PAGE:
“It can be two days before that would be authorized,” said Dr. Kathleen McGraw, the chief medical officer at Brattleboro Memorial Hospital. “When somebody’s coming in and saying, ‘I’m ready for help,’ in two days they will be going through dramatic withdrawals.”

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Friday, February 8, 2019

Vermont House Bill Would Allow Legal Cannabis Sales Next Year

Posted By on Fri, Feb 8, 2019 at 1:14 PM

Rep. Sam Young (D-Greensboro) - FILE: JEB WALLACE-BRODEUR
  • File: Jeb Wallace-Brodeur
  • Rep. Sam Young (D-Greensboro)
A new bill proposed by Rep. Sam Young (D-Greensboro) would allow adults in Vermont to legally purchase weed on January 1, 2020.

Young’s legislation to establish a regulated retail cannabis market is similar in many ways to a Senate bill, S.54, introduced last month. But the House measure, H.196, would allow existing medical marijuana dispensaries to pay a $75,000 fee so that they could sell to the general public at the beginning of next year. The state would then continue to iron out details about the regulatory structure of the recreational market before other dispensaries could open in April 2021.

In addition to giving Vermont’s would-be cannabis customers an earlier start, Young said the licensing fees would “get some funds in order to create the board and the regulated market.”

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Thursday, January 31, 2019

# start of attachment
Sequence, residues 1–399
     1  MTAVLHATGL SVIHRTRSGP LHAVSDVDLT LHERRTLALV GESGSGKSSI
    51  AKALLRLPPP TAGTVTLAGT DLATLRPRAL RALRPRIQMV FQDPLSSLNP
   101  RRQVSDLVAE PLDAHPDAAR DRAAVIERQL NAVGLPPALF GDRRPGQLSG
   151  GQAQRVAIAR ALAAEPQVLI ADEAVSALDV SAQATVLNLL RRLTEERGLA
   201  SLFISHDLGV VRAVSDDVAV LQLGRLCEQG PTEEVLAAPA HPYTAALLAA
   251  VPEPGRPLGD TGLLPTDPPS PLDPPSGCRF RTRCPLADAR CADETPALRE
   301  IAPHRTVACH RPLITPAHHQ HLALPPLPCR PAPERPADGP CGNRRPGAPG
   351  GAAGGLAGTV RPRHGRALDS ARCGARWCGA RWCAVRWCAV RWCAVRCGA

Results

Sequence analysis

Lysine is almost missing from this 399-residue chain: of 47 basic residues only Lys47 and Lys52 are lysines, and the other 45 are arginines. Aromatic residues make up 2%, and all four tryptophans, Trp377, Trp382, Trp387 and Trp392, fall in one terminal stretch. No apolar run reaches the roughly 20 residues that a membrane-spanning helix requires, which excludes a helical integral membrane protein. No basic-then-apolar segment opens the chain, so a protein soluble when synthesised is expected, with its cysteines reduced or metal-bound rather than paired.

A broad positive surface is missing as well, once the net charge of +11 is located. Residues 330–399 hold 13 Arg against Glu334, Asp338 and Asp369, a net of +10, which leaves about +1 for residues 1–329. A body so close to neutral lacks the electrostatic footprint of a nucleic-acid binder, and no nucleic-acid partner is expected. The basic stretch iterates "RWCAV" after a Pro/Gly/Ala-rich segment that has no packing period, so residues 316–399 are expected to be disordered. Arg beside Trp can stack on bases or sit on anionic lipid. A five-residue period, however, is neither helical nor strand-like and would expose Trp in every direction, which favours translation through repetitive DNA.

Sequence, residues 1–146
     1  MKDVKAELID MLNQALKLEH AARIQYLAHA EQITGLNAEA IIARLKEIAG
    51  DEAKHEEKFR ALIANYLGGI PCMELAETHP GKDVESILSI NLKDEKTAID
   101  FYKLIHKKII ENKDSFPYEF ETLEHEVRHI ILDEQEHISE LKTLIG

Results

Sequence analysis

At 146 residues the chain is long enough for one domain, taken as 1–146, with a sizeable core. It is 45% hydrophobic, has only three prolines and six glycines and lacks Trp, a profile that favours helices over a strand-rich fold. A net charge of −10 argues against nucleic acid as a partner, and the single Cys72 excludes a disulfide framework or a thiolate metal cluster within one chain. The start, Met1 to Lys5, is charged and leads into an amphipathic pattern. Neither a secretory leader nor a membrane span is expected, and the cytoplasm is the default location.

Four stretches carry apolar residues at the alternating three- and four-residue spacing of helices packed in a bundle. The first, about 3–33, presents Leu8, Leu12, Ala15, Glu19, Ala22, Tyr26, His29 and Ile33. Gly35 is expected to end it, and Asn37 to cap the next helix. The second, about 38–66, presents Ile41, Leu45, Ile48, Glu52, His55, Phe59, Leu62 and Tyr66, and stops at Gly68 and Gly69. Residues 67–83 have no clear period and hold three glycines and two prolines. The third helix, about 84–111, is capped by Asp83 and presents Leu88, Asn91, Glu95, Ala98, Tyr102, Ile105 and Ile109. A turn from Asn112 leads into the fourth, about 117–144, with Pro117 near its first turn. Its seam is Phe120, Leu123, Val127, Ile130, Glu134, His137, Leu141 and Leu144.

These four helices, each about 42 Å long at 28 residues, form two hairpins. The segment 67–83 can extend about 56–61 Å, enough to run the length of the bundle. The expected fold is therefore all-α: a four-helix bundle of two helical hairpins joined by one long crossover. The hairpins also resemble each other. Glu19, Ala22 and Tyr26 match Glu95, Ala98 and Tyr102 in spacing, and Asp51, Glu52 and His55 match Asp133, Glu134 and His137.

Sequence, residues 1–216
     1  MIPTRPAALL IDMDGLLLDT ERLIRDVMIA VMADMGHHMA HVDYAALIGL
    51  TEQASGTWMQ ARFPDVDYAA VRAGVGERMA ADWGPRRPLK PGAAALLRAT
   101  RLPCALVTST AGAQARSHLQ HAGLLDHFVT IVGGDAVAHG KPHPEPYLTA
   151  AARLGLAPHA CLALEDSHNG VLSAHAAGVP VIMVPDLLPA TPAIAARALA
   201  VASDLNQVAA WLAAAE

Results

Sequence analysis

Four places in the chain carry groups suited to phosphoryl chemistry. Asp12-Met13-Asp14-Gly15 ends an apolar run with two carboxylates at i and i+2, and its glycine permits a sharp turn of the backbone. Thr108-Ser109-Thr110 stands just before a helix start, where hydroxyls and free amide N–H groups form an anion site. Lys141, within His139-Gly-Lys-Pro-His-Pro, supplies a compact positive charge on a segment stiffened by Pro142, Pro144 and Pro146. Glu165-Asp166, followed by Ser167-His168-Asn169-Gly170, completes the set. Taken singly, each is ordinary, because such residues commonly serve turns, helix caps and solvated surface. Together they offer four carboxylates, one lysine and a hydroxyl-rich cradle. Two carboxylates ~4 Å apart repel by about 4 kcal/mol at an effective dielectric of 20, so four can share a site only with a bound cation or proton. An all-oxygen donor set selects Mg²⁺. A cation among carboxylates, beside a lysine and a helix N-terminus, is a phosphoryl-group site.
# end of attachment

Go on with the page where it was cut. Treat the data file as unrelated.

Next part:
Vermont Attorney General Wants a Regulated Weed Market

Posted By on Thu, Jan 31, 2019 at 2:19 PM

Attorney General T.J. Donovan in the Statehouse - TAYLOR DOBBS
  • Taylor Dobbs
  • Attorney General T.J. Donovan in the Statehouse
For the first time, Vermont's attorney general has voiced strong support for taxing and regulating cannabis.

“We have to have a regulated market,” T.J. Donovan told the Senate Judiciary Committee on Thursday morning.

The state's top law enforcement officer said his “position has evolved” since last year, when he supported a measure that legalized adult possession and home cultivation of weed but didn’t allow sales.

That policy hasn’t worked, according to Donovan, who now supports S.54, a bill that would allow legal pot sales.

“We’ve seen that we can’t tell Vermonters that they can possess marijuana and be silent about how to obtain it because capitalism exists and is only going to grow in this area,” Donovan said.

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Wednesday, January 30, 2019

Feds Say Burlington Pot Shop Owner Possessed Guns, Sold to Minors

Posted By on Wed, Jan 30, 2019 at 5:53 PM

Burlington City Hall is reflected in Good Times Gallery's window. - JOHN JAMES
  • John James
  • Burlington City Hall is reflected in Good Times Gallery's window.
Updated 10:25 p.m.

Authorities seized a loaded handgun, five ounces of marijuana and more than $11,000 in cash during a Tuesday raid on a Church Street business, federal prosecutors said Wednesday.

U.S. Attorney Christina Nolan alleged in a two-count criminal complaint that Good Times Gallery owner Derek Spilman possessed a firearm while distributing marijuana. In court papers, authorities said that Spilman had sold pot to minors, including a young woman who allegedly became ill after consuming a bag of edible gummies.

Spilman was released on conditions Wednesday after an initial appearance in U.S. District Court in Burlington. Speaking to the press after the hearing, Nolan said the presence of firearms in the store was “a very significant factor” in the feds’ decision to take action, as was the store’s location on a prominent pedestrian thoroughfare.

Nolan noted that marijuana remains a controlled substance under federal law. And though she acknowledged that Vermont legalized the personal possession and cultivation of pot last summer, she said, “This conduct is not even close to legal under state law.”